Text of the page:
Fifty seven Septembers ago, my mom was born. A beautiful, playful, fiery spirit, she began captivating everyone around her. Lover of bicycles and frozen yogurt, laughing loud and roughhousing with the pets, late night walks for dream-sharing and gossip-swapping, she is by far the most entertaining, loving woman I know. With a fulfilling life as a first grade teacher, planning to retire in the next 5 or so years, she had it all planned out — until “the phone call.” I remember it well. It was a day that changed our lives.
But today is the end of that cancer journey and the beginning of the next chapter of her life, where she vows to focus more on her health and happiness than stressful things. Not only is today her birthday, but it’s her final breast reconstruction surgery after her double mastectomy last December. Her “steel plates,” as she calls them (expanders), and port-a-cath will be surgically removed and replaced with soft implants. After today, she will have no more port flushes, no more surgeries, no more reminders of cancer. She’ll be able to sleep better because her expanders won’t cut into her every time she moves at night, or during workouts, or any time she moves her arms.
With these boobs come her new identity. She’s back in action, with vengeance. She has a new lease on life, enough energy to outlast other women her age at the gym, and now she’s talking about ways she wants to donate her time and energy to “give back.”
In the waiting room one last time, I reflect on the journey. Two years and four days ago, just before her fifty fifth birthday, we got the news. The birthday plans were cancelled, to immediately drive her down where I lived in Los Angeles to get multiple opinions from different oncologists. After a year of chemo and radiation, she was declared cancer-free. I hosted a “wig-out” party, which combined her fifty sixth birthday celebration, being done with treatment and, wigs. Coincidentally, not a month later, two more lumps of a different type of breast cancer were found in her other breast. A mastectomy and five years of estrogen-blocking pills was prescribed to remove the cancer, and prevent it from returning.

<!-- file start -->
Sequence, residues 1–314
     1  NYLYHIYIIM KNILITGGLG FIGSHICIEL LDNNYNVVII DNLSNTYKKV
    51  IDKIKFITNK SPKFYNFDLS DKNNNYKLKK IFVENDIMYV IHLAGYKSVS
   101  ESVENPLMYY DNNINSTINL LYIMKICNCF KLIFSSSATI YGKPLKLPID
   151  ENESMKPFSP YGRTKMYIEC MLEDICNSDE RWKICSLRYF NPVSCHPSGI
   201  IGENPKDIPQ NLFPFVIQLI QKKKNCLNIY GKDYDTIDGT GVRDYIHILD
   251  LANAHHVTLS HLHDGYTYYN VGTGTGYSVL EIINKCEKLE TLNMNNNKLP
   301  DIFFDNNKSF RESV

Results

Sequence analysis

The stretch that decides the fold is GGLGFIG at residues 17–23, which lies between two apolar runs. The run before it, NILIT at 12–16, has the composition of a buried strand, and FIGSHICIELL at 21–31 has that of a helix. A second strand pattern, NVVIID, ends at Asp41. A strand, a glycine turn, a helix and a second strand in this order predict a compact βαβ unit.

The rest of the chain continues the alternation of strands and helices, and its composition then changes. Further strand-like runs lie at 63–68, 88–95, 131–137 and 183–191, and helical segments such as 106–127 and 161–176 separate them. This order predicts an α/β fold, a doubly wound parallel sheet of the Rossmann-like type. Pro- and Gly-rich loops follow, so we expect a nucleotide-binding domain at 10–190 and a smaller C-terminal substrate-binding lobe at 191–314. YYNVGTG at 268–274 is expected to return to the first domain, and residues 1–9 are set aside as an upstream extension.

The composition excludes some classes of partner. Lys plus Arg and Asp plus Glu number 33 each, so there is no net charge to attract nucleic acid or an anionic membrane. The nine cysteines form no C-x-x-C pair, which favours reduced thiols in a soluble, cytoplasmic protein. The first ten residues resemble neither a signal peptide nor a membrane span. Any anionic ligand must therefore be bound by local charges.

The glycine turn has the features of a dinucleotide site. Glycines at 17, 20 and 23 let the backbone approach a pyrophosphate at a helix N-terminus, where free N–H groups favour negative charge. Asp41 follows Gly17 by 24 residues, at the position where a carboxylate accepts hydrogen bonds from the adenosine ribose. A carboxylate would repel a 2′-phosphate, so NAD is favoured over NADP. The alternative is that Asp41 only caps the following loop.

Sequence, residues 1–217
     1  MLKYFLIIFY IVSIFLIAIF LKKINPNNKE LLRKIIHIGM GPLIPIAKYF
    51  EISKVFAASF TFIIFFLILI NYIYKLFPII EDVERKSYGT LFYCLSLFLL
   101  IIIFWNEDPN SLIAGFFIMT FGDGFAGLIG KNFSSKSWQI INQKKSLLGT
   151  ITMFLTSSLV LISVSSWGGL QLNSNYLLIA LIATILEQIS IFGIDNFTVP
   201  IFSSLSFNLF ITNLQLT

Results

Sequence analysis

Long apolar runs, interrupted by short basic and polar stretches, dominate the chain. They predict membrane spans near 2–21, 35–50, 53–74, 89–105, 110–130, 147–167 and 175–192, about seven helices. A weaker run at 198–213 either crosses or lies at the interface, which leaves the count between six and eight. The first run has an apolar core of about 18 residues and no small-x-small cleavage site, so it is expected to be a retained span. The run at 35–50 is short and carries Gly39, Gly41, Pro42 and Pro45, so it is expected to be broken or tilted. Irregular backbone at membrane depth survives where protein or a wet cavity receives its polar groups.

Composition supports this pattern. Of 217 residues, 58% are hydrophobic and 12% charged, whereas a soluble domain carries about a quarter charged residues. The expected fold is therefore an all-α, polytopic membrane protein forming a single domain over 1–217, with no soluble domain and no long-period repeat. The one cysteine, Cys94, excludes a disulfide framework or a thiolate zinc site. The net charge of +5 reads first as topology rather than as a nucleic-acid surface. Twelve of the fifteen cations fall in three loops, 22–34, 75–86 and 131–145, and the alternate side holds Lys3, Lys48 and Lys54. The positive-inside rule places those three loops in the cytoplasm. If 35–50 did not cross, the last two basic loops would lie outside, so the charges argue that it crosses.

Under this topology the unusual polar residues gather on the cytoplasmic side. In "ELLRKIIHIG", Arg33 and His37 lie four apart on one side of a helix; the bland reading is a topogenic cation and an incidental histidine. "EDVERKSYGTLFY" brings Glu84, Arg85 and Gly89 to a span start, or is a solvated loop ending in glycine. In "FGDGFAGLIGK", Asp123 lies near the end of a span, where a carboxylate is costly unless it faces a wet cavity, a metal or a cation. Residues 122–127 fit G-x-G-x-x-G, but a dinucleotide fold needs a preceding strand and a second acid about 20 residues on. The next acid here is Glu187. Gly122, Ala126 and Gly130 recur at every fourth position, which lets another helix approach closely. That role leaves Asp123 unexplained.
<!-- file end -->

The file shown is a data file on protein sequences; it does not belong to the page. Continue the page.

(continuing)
For those of you reading this who are the family members of cancer patients, you will go through this as much as they will, if you do it right. Most of the time you won’t know what to say when they’re crying or scared, because you’re scared too. Resist the reaction to try to fix everything. Make a habit of just sitting with them while they’re in pain or going through treatment. There is no fear like that of being alone when going through something like this. Whether they know how to express it or not, they want your company.
So to welcome Breast Cancer Awareness month, I’d like to release my latest card, designed just for women who’ve had or are about to have breast reconstruction. Always with a great sense of humor, I imagine my mom acting out the scene in this card when she’s older. Click on the photo to see it.
If a woman you know is going to have a mastectomy or breast reconstruction, give her this card. And don’t forget to keep her company as she recovers. Since she won’t be able to lift more than 5 pounds for a few weeks, offer to do dog and child care, cleaning, cooking, and of course, movie nights! She’ll never forget it.
To speedy recoveries and perky boobs!
Are you interested in sharing your cancer story? Let’s get started! lumpycards.com/share-your-cancer-story